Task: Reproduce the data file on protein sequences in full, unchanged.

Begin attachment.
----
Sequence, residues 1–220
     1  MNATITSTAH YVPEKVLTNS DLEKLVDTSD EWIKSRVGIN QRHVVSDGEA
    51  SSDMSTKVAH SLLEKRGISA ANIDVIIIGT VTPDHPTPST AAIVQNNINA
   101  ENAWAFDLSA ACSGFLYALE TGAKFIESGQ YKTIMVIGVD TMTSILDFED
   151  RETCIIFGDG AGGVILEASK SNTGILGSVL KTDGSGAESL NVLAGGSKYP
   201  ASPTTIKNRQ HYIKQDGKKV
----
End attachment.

Sequence, residues 1–220
     1  MNATITSTAH YVPEKVLTNS DLEKLVDTSD EWIKSRVGIN QRHVVSDGEA
    51  SSDMSTKVAH SLLEKRGISA ANIDVIIIGT VTPDHPTPST AAIVQNNINA
   101  ENAWAFDLSA ACSGFLYALE TGAKFIESGQ YKTIMVIGVD TMTSILDFED
   151  RETCIIFGDG AGGVILEASK SNTGILGSVL KTDGSGAESL NVLAGGSKYP
   201  ASPTTIKNRQ HYIKQDGKKV